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How local artists are communicating hard facts about the ‘new Jim Crow’

Souls of Black Folk II: The New Jim Crow. April 5, 2016 Category: EventMethodShort
Mass incarceration is undeniably real, and the facts are laid out in Michelle Alexander‘s 2010 book “The New Jim Crow: Mass Incarceration in the Age of Colorblindness.”

But the book is dense and difficult to digest, drowning out data that should serve as a call to action:

  • There are over 2.4 million people imprisoned in the U.S. That’s the most of any country, and has increased over 500 percent since the Nixon administration declared a “war on drugs.”
  • Of those 2.4 million, 60 percent are people of color.
  • 75 percent of people convicted for drug charges are of color.
  • This has resulted in the disenfranchisement of over 2 million people of color — 7.7 percent of black adults, compared to 1.8 percent of non-people of color.

“It’s a guide of factual information for the person who has always felt these things to be true but didn’t have the facts to back it up,” said LaNeshe Miller White, marketing manager at the Painted Bride Art Center. “There’s so many facts in the book to back up the feelings we’ve always had.”

But how do you convey that data in a way that will really stick, rather than just throw a facts sheet in front of someone’s face? That’s what Miller White and a cohort of nine other local artists will be attempting to do at the Painted Bride on April 28 in a continuation of their “Souls of Black Folk” series.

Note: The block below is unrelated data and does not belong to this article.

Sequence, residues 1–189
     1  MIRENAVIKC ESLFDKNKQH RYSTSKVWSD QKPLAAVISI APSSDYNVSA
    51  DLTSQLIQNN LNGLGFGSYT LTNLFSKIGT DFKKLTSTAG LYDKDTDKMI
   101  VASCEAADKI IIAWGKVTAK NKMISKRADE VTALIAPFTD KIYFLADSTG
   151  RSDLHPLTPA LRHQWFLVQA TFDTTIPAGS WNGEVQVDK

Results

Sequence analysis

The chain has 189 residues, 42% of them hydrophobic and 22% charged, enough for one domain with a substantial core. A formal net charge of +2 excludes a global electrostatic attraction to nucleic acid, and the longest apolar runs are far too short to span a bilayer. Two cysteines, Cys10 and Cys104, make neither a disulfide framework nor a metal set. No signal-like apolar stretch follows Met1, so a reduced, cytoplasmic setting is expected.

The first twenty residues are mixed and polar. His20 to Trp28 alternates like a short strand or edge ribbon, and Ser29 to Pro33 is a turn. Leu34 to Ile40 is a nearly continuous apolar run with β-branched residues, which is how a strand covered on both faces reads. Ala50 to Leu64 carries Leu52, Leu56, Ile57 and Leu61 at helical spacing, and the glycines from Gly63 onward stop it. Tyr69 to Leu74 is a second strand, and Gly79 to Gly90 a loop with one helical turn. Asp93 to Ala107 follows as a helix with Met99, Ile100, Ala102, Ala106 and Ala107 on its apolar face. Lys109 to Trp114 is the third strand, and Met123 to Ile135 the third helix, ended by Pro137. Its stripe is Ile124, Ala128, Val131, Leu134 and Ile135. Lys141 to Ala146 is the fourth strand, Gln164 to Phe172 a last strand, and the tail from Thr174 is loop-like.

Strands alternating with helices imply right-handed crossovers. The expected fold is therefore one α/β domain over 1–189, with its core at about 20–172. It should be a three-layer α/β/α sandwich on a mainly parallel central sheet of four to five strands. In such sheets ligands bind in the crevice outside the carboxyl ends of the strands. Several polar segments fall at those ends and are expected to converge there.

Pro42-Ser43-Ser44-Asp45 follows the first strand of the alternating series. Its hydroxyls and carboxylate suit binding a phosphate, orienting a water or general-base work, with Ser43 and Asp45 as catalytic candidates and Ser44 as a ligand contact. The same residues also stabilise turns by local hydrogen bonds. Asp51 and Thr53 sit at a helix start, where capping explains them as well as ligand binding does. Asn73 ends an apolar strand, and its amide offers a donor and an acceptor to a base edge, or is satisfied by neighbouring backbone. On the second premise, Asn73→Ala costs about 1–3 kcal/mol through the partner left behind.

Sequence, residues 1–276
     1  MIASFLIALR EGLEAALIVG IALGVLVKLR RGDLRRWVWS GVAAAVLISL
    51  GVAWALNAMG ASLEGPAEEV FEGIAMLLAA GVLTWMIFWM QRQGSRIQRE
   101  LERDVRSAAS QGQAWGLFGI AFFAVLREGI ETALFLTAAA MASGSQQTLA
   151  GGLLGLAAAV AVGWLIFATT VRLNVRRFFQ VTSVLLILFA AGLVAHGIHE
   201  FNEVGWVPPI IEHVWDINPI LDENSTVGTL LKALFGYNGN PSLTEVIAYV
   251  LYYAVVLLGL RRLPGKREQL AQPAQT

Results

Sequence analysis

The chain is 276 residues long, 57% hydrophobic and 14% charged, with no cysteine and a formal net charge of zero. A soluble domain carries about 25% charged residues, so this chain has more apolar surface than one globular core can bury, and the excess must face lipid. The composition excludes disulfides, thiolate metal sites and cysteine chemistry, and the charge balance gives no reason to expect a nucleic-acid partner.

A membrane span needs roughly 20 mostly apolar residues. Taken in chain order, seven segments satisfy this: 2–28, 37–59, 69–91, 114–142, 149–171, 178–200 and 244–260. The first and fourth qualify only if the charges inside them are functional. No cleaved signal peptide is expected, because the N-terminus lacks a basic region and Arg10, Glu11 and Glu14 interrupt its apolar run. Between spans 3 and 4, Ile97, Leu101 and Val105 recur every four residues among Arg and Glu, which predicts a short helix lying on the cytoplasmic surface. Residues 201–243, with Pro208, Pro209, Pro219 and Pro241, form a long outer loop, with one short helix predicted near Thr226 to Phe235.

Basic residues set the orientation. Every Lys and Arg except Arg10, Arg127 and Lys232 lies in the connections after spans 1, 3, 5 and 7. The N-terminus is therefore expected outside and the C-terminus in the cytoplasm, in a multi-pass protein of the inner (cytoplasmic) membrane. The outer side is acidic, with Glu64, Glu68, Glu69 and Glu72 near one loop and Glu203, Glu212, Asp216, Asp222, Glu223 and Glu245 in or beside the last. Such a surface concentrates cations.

The medium is a talk show format that will enable the multidisciplinary group of artists — playwrights, digital artists, spoken word poets and more — to present their work in one cohesive night.

“It’s important to be able to give this factual information in an artistic way where we can teach people that there are facts behind this,” said Miller White. “This is like a Michael and Kelly kind of talk show.”

Tickets

Attendees can expect a diverse range of performances that articulate the factual severity of the New Jim Crow.

“It’s not just prison, but traffic stops up to prison and beyond that,” Miller White said. “It’s what happens once you’re released — the things that go on your record even if you were never convicted.”

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